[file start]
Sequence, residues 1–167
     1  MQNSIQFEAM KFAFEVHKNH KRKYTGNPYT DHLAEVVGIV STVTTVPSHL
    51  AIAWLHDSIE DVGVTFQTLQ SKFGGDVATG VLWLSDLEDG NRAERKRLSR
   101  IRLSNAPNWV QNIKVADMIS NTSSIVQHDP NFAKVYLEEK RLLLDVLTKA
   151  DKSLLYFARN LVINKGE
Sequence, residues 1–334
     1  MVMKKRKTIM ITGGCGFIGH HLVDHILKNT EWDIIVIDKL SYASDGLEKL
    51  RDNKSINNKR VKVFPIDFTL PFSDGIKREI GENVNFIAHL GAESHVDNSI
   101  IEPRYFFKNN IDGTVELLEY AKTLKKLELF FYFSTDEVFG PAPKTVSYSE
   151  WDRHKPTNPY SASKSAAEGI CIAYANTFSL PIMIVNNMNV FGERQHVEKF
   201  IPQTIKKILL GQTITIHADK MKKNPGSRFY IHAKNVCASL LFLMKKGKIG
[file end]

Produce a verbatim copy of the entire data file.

Sequence, residues 1–167
     1  MQNSIQFEAM KFAFEVHKNH KRKYTGNPYT DHLAEVVGIV STVTTVPSHL
    51  AIAWLHDSIE DVGVTFQTLQ SKFGGDVATG VLWLSDLEDG NRAERKRLSR
   101  IRLSNAPNWV QNIKVADMIS NTSSIVQHDP NFAKVYLEEK RLLLDVLTKA
   151  DKSLLYFARN LVINKGE
Sequence, residues 1–334
     1  MVMKKRKTIM ITGGCGFIGH HLVDHILKNT EWDIIVIDKL SYASDGLEKL
    51  RDNKSINNKR VKVFPIDFTL PFSDGIKREI GENVNFIAHL GAESHVDNSI
   101  IEPRYFFKNN IDGTVELLEY AKTLKKLELF FYFSTDEVFG PAPKTVSYSE
   151  WDRHKPTNPY SASKSAAEGI CIAYANTFSL PIMIVNNMNV FGERQHVEKF
   201  IPQTIKKILL GQTITIHADK MKKNPGSRFY IHAKNVCASL LFLMKKGKIG